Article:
Like some of the analytical approaches to engineering antibodies, the in silico side remains in development. However, advances in computation promise ongoing improvements. EpiVax, for instance, offers its “EpiMatrix High Throughput Antibody Immunogenicity Prediction Report.” This uses in silico screening and other technologies to provide what the company calls “an overall assessment of potential clinical immunogenicity for a large set of antibody candidates.” At the University of Melbourne in Australia, David Ascher, group leader for structural biology and bioinformatics, and his team also use computational tools for guided affinity maturation and construct design. Benchmarking the currently available tools has shown that there is still significant room for improvement . Recently, the Ascher group released mCSM-AB, which, Ascher says, outperformed all the currently available commercial and academic tools for in silico optimization; the team made it freely available through a fast and easy-to-use tool .
Schrödinger also keeps creating new approaches. As an example, Pearlman says, “We have been focusing on new in silico structure-based techniques that facilitate early-stage liability assessment.” To computationally screen a collection of antibodies, scientists need an easy and automated tool. So, Schrödinger developed an antibody-structure-prediction tool that is robust, fast and reliable. Pearlman explains, “The ability of this tool to provide good predictions was demonstrated in the recent Antibody Modeling Assessment II—a blinded evaluation where our fully automated approach did quite well” . In addition, Charlotte Deane, professor of structural bioinformatics at the University of Oxford in England, and her colleagues recently developed SAbPred, which is a fast and freely available tool for antibody-structure modeling and epitope prediction .
Furthermore, Schrödinger is developing tools that predict the potential liabilities in new structures. To build a model like this, the company needed a large experimental dataset to use for training and testing the computational tool. “A huge amount of relevant experimental data exists but is hidden behind corporate firewalls,” Pearlman says. “Recently, Schrödinger entered into several substantial collaborations that have given us access to these hidden data, and this access is making it possible to develop predictive, validated tools for liability assessment.” In brief, this technique created an automated quantitative structure-activity relationship (QSAR) model engine that computes the possible liabilities from a predicted antibody.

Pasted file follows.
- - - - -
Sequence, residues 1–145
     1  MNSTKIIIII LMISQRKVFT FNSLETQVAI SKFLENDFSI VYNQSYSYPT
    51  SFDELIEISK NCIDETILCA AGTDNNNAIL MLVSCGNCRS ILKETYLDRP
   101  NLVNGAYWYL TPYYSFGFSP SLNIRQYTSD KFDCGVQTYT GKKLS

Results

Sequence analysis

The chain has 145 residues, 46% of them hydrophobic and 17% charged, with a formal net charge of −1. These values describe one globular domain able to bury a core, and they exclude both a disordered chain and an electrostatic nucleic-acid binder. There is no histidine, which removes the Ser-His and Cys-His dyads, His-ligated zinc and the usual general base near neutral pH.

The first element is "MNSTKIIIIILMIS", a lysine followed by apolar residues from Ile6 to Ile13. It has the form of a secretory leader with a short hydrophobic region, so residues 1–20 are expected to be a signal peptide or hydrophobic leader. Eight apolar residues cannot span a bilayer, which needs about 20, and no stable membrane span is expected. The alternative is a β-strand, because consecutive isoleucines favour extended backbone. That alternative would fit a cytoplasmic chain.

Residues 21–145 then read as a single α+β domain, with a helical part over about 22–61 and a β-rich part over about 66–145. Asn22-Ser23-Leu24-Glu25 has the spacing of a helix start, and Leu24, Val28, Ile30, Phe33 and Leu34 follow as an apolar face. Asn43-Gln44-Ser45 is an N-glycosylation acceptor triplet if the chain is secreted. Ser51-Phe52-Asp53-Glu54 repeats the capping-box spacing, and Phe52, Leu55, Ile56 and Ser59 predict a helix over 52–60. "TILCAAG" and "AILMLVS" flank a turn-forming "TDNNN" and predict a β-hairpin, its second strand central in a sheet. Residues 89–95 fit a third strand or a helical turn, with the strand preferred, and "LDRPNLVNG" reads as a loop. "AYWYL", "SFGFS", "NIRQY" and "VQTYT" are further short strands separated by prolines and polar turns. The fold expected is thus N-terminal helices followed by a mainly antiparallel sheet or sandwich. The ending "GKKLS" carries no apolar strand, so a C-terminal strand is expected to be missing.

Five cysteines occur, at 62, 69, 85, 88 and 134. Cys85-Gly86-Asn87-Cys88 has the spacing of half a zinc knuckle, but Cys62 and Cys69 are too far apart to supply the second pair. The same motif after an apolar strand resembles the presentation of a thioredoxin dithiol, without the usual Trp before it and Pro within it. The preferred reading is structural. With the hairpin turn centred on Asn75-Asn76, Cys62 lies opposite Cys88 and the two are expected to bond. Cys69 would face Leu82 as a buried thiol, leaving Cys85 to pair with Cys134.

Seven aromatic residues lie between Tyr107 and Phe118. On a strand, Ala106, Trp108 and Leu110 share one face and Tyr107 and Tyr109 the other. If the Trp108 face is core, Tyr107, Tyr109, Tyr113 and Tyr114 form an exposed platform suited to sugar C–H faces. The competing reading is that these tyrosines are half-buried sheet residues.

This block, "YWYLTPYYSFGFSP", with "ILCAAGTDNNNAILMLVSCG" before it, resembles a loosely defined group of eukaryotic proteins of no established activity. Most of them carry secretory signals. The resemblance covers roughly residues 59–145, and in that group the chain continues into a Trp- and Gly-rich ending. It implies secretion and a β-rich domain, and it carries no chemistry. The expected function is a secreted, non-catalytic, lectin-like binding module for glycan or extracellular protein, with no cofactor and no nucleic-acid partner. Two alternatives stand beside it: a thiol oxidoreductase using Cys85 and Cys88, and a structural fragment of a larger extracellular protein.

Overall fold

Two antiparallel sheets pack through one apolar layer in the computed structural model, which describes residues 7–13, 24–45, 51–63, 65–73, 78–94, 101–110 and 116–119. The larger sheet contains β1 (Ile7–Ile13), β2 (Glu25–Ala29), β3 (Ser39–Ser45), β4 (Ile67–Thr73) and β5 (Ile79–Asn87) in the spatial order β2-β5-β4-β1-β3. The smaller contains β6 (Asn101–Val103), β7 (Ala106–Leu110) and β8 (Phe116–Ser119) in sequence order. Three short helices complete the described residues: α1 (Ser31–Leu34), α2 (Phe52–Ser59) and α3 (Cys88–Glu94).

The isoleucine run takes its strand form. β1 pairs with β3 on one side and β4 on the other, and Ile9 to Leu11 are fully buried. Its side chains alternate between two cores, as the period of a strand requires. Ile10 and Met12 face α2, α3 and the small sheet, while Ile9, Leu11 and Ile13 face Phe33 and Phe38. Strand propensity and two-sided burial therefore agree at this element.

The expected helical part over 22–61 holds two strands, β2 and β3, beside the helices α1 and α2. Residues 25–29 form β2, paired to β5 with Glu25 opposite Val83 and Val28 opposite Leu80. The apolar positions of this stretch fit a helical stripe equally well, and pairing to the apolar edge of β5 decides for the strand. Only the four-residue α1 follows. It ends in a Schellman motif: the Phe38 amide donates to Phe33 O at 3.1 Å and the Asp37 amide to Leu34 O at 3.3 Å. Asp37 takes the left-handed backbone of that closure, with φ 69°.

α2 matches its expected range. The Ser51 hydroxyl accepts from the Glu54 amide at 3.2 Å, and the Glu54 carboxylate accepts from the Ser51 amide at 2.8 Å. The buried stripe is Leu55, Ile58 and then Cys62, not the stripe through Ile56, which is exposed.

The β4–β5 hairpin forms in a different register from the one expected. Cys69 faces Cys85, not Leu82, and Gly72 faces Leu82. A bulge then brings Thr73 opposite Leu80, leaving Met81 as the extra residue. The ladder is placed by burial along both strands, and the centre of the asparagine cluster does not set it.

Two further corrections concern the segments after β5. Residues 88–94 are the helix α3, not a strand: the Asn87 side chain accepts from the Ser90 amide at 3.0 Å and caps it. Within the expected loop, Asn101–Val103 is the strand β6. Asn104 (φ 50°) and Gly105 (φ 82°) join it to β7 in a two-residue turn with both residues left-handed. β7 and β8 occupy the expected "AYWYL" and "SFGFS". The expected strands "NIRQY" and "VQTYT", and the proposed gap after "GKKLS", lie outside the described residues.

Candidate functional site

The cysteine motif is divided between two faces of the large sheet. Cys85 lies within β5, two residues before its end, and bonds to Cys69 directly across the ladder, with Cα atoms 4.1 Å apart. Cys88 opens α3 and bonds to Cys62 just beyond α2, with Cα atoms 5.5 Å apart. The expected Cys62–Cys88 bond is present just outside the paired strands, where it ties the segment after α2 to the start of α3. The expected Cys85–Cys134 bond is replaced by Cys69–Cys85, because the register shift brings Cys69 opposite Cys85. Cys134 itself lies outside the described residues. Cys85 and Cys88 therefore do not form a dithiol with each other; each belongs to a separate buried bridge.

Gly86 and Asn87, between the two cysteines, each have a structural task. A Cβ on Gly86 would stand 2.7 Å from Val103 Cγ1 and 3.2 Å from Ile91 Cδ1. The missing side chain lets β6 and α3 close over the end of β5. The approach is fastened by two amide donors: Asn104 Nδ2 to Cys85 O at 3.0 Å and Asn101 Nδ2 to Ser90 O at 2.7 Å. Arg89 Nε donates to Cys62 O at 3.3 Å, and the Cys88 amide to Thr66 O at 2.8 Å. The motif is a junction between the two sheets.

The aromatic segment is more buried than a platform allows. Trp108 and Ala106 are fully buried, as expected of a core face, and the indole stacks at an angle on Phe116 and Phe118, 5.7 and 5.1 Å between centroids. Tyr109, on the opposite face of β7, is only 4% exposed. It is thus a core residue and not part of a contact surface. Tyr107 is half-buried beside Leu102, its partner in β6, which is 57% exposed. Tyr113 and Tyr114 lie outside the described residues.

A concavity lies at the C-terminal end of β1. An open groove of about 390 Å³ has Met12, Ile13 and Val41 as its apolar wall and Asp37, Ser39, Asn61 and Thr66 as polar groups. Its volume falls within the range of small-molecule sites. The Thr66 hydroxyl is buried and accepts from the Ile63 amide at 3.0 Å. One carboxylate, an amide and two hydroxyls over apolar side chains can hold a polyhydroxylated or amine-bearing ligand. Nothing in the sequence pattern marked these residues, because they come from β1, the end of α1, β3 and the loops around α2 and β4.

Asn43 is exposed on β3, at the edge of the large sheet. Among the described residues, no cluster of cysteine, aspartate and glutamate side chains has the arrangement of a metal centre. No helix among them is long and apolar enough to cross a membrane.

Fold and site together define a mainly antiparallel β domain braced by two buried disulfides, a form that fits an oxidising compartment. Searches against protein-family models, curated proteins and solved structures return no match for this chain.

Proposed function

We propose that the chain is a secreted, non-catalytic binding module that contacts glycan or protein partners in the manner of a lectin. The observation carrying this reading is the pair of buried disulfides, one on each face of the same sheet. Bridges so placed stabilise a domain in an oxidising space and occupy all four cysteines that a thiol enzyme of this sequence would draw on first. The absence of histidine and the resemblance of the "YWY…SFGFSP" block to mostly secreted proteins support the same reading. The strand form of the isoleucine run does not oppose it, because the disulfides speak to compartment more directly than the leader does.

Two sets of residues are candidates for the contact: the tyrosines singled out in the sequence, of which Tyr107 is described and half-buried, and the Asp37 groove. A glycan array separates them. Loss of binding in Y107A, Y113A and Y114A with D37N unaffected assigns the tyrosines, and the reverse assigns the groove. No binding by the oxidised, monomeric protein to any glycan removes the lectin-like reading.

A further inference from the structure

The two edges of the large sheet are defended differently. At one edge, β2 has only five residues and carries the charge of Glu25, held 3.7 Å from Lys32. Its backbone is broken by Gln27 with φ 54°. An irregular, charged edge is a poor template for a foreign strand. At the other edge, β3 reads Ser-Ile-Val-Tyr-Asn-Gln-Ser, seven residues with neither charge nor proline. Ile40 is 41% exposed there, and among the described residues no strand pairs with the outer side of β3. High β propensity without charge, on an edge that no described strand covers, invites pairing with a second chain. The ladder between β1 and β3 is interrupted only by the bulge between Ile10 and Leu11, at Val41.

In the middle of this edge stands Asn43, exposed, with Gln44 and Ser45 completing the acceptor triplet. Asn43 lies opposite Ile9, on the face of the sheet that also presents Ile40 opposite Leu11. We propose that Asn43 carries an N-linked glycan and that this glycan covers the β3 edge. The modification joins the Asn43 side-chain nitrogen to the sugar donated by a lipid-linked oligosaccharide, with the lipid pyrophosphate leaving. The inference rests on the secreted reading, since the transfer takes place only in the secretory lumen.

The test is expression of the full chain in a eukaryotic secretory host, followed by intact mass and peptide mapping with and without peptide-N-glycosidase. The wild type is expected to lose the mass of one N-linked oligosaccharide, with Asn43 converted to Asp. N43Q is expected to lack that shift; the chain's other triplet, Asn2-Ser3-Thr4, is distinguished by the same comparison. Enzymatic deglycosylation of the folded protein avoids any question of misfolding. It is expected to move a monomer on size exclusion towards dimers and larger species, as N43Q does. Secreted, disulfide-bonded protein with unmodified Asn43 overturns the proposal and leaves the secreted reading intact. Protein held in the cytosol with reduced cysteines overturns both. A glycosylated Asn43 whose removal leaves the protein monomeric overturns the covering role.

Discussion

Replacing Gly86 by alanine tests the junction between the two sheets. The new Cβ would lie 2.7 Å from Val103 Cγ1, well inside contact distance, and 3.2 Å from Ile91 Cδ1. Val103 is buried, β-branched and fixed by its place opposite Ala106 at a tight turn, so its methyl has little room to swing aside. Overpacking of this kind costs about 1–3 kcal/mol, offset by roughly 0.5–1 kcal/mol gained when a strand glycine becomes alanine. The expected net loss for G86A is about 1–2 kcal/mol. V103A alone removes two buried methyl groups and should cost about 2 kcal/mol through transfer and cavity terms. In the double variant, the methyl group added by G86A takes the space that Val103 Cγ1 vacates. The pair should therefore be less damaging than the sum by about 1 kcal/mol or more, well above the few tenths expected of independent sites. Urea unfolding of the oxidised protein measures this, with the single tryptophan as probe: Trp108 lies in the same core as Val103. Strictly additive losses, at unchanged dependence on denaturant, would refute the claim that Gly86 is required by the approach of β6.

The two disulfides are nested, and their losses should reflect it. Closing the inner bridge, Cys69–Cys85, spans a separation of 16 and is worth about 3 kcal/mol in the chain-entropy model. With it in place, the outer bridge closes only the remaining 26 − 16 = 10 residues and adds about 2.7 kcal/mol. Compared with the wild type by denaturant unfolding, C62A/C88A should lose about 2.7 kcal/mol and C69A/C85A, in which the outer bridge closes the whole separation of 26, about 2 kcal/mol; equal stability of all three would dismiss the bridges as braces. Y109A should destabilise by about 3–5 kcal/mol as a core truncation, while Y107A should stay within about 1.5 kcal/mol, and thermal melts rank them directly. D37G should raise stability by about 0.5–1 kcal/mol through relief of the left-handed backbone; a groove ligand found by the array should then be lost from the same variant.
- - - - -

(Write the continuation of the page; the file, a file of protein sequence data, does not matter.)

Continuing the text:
Ascher’s team also works on antibodies for therapeutic possibilities. Here, he says, a lot of work in collaboration with Lisa Kaminskas, a research fellow at the University of Queensland in Australia, “has focused on the optimization of biomolecules, including antibodies and Fabs, pharmacokinetic and pharmacodynamic properties, and for this we have found PEGylation to be very useful .” However, much remains unknown about the optimal modifications that are needed to obtain the biological properties required.
Beyond antibodies, scientists can also study antigens. By optimally identifying the antigen being targeted by the antibody, Ascher explains, you can “avoid off-target effects and avoid or minimize the development of escape mutations.”
Despite the challenges of engineering antibodies for therapeutics, the promising potential they hold will result in better medicine. “Antibody therapies have enormous benefits and represent a larger proportion of the approved drugs,” Ascher explains. “In fact, if you look at the top-selling therapies approved in the last 10 years, many of them are biological therapies/antibodies, as opposed to the traditional small molecules.”